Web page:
2. Have you ever read a book just based on its cover?
Covers always are the first thing to draw me to a story. I was drawn to reading an H.P. Mallory book because I noticed her covers were sassy and cute, similar to mine.

3. Has the quality of the cover of a book ever put you off of reading it?
Absolutely. I tend to think the quality of writing will be reflected by the cover.

4. What book are you reading at the moment? And in what format?
I am reading The Hunger Games just because of all the hype :0) I have to see what the big deal is. I am only on page thirty-something, so I have just started it. I usually like to read light-hearted stories. Suzanne Collins is a smooth writer who doesn’t feel the need to throw out certain words just to impress.

It’s paperback, but most of my books now are ebooks I read through my iPad.

5. Do you have any advice for other writers? And what’s the best advice that you have been given when it comes to writing?
There are so many story ideas out there, and they basically all can be written down and made into a book, but so many fall flat because the author doesn’t let loose and have fun with their imaginations. My advice is to write to your story’s potential; have fun!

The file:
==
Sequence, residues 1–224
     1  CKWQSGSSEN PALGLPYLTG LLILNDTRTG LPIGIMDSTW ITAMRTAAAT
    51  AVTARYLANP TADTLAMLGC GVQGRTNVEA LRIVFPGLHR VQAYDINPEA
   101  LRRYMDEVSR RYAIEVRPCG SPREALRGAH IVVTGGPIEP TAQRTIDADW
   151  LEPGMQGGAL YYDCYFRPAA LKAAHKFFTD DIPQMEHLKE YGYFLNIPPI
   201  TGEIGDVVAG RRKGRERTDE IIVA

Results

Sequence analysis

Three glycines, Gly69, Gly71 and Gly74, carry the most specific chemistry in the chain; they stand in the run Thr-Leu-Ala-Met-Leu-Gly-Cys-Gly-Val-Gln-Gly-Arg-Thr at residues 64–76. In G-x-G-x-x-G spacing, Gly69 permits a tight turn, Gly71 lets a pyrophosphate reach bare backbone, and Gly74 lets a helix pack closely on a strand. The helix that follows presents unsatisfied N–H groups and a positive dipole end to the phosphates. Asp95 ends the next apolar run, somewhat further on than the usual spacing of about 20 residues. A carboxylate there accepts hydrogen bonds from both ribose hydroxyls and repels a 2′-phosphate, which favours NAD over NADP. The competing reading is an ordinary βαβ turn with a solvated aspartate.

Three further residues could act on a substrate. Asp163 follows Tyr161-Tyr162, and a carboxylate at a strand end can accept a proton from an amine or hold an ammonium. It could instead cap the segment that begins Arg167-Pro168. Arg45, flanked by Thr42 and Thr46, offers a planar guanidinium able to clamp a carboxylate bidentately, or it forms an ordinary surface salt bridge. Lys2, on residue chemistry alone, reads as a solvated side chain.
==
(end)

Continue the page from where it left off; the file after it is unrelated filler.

The best advice I have received is to just write, write, write. Having a back-list of books is important to fans.

6. Is there anything you would change about your book? And why?
I have heard a saying to the effect of an artist’s work is never done. After every book I have ever written, I can always go back and see places to tweak. We have to be content at some point that it is perfect, even in its imperfections. I could never publish, if I waited for true perfection. What is important to me is whether or not readers will be able to immerse themselves in my stories and enjoy them. As long as I receive fan messages, I feel fulfilled.


Thankyou so much for taking the time to do this interview and allowing us a glimpse into your writing world!

Wednesday, 20 June 2012

Promotion: The Dark Lake by Anthea Carson

The Dark Lake
By Anthea Carson


Something is wrong with Jane.

Something that is buried in her past, in the lake, and in her mind. She must come to terms with whatever happened that night at that party to avoid spending her life in an institution or on the streets.

Her mother tries to help her. Her therapist tries to help her. Her AA group and her anger management group try to help...but she can't deal with a trauma she can't remember. And then they start dragging her car up out of the lake. After all this time, she wonders, why are they are dragging that car out of the dark lake?